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Economists’ fear over Modicare

Prime Minister Modi’s flagship healthcare scheme has sparked some serious misgivings among economists in a closed-door meeting with government officials

The Centre’s flagship healthcare scheme – Ayushman Bharat – has faced funding concerns ever since it was announced. A meeting between economists and government officials has done little to allay those fears.

Ayushman Bharat – or, to give it its full title, Pradhan Mantri Jan Arogya Yojana (PMJAY) – includes provisions to cover the 100 million households anticipated to be beneficiaries for hospitalisation. Yet economists from Institute of Economic Growth (IEG) have warned that the Centre’s allocation for this cover could only reach thirty per cent of its target. This year’s Union Budget saw Rs 6,400 crore earmarked for Ayushman Bharat, constituting around ten per cent of the total health budget for the upcoming fiscal year.

“Households are covered for Rs 5 lakh worth of hospitalisation cover yearly…Economists…say this may not be enough.”

Under the scheme, households are covered for Rs 5 lakh worth of hospitalisation cover yearly. The amount earmarked for hospitalisation cover under the scheme is likely only be sufficient to only provide for hospital cover for thirty million households. Already 1.2 million beneficiaries have availed hospital treatment under the scheme, it is reported.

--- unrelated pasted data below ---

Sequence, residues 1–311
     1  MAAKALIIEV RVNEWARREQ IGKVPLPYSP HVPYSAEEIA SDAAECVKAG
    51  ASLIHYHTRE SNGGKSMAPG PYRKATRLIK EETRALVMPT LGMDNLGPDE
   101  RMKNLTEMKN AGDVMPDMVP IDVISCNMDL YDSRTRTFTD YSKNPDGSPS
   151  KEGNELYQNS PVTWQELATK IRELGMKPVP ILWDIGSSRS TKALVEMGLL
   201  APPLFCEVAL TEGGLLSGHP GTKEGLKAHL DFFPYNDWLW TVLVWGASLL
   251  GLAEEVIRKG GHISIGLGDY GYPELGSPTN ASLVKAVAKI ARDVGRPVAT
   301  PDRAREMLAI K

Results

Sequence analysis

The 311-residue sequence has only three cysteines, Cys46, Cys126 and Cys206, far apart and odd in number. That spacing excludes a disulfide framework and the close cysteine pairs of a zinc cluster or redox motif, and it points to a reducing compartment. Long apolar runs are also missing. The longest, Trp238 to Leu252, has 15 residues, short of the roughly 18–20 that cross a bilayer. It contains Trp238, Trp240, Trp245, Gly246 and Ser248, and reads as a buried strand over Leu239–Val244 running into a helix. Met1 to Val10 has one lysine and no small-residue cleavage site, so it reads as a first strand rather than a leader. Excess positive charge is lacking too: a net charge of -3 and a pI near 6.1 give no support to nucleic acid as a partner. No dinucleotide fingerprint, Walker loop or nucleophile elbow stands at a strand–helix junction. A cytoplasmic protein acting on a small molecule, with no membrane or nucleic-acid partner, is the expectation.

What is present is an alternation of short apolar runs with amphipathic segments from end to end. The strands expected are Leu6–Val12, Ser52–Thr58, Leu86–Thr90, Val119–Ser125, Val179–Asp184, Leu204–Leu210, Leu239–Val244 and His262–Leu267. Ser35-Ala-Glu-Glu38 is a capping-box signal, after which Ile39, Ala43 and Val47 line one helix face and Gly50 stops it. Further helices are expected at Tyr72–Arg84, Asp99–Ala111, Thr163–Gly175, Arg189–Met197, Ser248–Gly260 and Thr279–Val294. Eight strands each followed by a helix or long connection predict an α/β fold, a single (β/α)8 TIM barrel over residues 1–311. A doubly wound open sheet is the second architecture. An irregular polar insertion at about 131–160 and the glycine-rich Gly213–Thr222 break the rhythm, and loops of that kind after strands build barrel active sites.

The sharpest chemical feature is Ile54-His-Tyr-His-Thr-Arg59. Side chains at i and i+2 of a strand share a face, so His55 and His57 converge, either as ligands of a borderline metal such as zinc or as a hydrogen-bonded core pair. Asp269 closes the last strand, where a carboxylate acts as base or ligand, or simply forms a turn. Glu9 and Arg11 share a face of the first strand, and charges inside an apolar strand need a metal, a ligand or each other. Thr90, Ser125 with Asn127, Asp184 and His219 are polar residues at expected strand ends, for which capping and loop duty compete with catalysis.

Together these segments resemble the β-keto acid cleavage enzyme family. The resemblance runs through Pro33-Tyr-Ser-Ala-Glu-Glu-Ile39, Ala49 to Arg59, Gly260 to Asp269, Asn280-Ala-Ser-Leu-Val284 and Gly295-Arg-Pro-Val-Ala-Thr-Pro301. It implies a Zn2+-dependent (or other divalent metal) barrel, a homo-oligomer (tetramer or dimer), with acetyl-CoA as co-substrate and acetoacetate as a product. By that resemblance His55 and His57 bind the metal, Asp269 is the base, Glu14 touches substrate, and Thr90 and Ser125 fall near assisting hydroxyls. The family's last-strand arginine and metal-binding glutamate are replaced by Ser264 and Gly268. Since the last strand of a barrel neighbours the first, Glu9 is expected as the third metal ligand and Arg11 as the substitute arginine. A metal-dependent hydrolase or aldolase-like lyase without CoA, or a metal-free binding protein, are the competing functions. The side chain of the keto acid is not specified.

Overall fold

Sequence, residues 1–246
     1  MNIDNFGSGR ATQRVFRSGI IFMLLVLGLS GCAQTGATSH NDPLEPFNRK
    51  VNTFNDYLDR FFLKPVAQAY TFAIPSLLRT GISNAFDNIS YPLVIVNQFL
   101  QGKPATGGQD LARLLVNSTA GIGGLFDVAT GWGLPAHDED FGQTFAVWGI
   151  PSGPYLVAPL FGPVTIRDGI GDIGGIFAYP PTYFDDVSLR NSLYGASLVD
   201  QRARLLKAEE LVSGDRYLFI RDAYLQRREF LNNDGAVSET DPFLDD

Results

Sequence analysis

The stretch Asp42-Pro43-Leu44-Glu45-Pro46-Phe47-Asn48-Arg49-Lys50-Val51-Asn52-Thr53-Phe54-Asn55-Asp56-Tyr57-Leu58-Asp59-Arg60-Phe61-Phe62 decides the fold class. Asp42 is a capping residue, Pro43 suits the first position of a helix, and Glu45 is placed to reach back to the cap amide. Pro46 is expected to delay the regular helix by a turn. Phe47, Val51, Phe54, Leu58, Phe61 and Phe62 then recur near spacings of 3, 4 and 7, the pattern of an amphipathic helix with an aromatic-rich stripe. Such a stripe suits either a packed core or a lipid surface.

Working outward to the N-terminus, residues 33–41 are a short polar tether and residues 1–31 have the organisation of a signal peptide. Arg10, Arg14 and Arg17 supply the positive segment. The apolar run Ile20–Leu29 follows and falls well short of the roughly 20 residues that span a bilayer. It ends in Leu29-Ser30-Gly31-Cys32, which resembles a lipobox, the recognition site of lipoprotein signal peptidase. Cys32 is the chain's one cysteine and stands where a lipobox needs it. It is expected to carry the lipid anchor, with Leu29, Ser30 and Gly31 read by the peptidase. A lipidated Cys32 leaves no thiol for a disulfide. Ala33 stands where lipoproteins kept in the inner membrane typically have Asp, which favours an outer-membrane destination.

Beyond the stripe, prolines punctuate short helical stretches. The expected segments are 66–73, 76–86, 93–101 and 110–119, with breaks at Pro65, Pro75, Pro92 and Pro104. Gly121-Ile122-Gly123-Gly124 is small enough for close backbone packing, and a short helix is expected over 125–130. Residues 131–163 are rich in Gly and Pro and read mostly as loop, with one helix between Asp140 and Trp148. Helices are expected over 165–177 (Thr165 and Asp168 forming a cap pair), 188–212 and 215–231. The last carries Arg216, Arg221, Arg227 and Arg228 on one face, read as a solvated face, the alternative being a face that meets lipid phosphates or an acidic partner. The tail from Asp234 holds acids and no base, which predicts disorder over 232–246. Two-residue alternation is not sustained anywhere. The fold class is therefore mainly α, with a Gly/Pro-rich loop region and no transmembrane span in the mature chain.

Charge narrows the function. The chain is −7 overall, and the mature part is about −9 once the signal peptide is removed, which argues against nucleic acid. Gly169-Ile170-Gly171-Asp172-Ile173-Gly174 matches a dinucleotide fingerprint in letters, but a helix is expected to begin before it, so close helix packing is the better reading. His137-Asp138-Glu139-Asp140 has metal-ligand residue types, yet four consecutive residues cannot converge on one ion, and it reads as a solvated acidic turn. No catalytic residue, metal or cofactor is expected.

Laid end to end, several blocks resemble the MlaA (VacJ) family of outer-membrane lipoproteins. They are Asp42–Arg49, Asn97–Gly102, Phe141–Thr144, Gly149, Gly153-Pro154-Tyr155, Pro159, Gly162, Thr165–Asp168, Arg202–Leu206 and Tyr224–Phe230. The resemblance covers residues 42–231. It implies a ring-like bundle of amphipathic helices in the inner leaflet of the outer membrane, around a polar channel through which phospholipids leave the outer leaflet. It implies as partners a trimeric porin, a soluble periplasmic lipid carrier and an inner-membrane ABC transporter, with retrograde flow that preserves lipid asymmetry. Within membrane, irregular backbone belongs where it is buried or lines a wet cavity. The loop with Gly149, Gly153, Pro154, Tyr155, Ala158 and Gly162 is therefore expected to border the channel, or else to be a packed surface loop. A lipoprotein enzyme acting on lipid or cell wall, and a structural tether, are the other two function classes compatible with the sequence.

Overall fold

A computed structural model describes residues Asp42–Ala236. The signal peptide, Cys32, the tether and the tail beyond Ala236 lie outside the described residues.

Economists, who had been invited by India’s Finance Commission to provide an estimate for how much Ayushman Bharat is likely to cost, say this may not be enough. The true cost could result in its budget swelling to unmanageable proportions – in the process subsuming much of the Centre’s funds for other health services.

Economists warn that increased rates of hospitalisation – in line with a trend witnessed in recent years – would force the Centre to increase investment to satisfy the existing need.

While the representatives from the IEG have not publicly commented on the presentation delivered to government officials, early reports do not bode well. When the IEG’s final report is presented to the Finance Commission, the Centre could be in for a rude awakening.

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